Purpose: Long term use of topical drugs has clearly been shown to induce toxic immunopathological changes in the ocular surface. However, little is known concerning the respective roles of active compounds and preservatives. Benzalkonium chloride (BAC) is the most used preservative and its cytotoxicity is well known, but other preservatives have not yet been clearly evaluated. We thus performed a comparative study to investigate toxic side effects induced in the rat ocular surface by applications of various preservatives, with special attention to inflammatory infiltrates.
Methods: A total of 35 brown Norway rats were divided into seven groups of five each. They received, for one month, in both eyes, either 0.01% cetrimonium chloride, 0.01% benzalkonium chloride, 0.01% benzododecinium bromide, 0.004% thiomersal, 0.05% methyl parahydroxybenzoate or phosphate-buffered saline (PBS), the last group remaining untreated. Then, animals were sacrificed and eyes were processed for histological and immunological procedures with monoclonal antibodies to rat immunocompetent cells.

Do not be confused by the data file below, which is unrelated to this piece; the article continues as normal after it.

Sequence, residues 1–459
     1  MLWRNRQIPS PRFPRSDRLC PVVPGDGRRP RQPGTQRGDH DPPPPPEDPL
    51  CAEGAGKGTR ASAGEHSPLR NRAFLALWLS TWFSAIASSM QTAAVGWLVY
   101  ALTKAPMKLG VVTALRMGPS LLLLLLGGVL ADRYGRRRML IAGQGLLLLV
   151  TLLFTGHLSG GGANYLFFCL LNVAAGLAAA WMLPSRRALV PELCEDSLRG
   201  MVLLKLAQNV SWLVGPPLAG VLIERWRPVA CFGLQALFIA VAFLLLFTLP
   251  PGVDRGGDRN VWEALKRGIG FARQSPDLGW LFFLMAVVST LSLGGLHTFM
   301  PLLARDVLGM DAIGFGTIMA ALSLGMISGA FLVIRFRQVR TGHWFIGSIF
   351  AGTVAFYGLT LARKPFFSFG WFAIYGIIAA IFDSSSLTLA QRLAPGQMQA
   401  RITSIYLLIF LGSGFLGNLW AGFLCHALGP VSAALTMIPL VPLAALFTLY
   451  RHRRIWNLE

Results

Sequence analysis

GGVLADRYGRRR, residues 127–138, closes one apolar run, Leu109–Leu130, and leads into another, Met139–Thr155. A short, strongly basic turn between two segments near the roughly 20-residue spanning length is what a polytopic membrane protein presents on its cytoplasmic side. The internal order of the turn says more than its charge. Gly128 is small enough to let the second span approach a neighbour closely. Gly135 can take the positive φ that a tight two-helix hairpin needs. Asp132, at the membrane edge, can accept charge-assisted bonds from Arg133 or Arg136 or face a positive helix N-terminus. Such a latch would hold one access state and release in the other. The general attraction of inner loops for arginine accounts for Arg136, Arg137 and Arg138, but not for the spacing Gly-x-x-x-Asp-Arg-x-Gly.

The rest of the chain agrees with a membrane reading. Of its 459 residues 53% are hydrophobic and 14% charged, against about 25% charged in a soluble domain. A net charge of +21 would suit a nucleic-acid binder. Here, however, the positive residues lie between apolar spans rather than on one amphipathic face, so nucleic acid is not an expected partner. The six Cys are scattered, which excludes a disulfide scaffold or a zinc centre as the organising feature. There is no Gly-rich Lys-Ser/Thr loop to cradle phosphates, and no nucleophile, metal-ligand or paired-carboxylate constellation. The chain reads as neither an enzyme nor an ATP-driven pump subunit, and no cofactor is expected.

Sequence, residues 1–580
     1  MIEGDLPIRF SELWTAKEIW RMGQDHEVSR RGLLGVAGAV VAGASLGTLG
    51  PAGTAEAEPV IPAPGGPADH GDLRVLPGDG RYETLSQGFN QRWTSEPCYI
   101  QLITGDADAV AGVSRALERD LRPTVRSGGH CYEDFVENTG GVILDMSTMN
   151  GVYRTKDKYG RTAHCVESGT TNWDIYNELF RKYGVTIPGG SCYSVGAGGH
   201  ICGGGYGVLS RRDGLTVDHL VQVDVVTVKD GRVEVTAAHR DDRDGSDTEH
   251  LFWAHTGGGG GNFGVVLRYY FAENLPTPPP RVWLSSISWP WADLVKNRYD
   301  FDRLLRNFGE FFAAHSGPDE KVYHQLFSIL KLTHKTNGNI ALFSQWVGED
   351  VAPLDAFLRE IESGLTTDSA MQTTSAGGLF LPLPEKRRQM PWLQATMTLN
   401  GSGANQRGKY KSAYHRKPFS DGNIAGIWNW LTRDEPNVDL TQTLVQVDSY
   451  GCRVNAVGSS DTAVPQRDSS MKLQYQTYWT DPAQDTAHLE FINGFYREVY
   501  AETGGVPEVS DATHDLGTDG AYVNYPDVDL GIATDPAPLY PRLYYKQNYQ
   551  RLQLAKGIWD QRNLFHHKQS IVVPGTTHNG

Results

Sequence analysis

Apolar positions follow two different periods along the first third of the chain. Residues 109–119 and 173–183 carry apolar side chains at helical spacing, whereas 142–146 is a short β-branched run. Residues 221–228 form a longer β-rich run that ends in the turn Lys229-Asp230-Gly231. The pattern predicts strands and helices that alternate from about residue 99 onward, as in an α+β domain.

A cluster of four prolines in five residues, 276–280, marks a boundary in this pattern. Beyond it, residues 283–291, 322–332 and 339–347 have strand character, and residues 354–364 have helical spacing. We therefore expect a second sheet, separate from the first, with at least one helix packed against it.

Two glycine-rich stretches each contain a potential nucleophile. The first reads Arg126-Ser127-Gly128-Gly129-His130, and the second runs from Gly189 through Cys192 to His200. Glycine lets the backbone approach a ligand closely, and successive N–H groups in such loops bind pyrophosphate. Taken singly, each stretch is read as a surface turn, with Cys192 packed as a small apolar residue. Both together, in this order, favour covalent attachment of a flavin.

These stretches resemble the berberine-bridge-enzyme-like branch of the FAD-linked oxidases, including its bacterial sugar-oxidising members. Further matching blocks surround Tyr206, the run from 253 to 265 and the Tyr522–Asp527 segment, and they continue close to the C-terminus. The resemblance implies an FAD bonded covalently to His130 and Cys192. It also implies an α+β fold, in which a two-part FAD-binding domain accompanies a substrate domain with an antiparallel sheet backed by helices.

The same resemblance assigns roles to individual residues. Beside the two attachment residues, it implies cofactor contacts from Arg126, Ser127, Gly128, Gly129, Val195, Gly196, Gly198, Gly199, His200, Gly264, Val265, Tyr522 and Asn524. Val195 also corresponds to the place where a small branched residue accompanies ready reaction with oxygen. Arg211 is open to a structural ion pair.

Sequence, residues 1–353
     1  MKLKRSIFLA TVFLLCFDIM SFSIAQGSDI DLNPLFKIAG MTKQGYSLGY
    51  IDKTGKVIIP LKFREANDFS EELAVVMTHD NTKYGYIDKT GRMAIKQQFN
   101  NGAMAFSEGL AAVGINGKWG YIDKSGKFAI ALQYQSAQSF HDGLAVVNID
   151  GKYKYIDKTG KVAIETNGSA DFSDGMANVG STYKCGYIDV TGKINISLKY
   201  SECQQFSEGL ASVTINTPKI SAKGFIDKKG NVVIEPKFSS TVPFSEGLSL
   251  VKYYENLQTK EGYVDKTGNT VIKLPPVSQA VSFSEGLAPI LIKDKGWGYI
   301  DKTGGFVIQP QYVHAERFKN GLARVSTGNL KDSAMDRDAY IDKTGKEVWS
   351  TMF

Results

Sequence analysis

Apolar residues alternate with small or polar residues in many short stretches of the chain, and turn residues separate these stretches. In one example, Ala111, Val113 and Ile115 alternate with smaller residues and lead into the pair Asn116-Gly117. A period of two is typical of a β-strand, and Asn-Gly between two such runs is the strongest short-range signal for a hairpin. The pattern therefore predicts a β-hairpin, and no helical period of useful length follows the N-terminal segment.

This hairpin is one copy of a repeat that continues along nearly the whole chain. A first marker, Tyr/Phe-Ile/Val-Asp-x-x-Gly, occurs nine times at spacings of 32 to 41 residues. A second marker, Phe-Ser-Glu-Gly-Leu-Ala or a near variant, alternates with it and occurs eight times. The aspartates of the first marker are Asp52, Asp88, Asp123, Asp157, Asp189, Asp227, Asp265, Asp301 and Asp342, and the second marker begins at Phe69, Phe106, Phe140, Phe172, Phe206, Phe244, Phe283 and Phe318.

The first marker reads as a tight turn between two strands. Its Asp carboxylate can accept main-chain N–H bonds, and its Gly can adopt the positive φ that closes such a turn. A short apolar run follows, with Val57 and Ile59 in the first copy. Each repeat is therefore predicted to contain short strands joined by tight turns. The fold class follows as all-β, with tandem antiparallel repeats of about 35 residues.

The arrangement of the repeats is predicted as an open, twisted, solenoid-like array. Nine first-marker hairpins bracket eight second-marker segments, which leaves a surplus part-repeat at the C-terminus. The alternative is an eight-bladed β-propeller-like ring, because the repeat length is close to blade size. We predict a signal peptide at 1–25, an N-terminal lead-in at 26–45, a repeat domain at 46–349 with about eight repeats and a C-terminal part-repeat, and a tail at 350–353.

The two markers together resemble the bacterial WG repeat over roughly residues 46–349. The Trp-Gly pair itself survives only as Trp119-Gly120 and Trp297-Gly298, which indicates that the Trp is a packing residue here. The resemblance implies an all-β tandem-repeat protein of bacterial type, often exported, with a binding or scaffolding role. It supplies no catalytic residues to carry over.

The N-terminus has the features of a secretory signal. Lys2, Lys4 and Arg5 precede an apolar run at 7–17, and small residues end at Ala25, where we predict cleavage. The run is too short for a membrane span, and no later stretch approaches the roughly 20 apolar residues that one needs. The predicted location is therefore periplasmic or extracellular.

Results: When compared to controls, all preservative-treated eyes consistently showed corneal and conjunctival damage, including epithelial alterations, various degrees of keratinization and inflammatory infiltrates at the limbus and within the conjunctival stroma and epithelium. No difference was found between the five tested drugs.
Conclusions: This study confirms that most preservatives used in ophthalmic eyedrops may similarly induce strong histopathological and inflammatory changes in the ocular surface after short term use. Although obtained in animal model, these results confirm strong toxic side effects in patients with preexisting ocular surface disorders and/or receiving topical drugs for long periods.